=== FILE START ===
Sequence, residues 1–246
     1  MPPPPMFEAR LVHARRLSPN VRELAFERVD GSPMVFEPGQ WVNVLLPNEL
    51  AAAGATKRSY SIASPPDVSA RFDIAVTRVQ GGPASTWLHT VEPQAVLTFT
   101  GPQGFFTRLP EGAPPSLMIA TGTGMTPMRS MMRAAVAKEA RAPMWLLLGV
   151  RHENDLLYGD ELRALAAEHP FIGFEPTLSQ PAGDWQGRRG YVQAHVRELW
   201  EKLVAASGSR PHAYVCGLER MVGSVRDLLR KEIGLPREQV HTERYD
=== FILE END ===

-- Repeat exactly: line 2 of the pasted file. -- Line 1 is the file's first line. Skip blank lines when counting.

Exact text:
     1  MPPPPMFEAR LVHARRLSPN VRELAFERVD GSPMVFEPGQ WVNVLLPNEL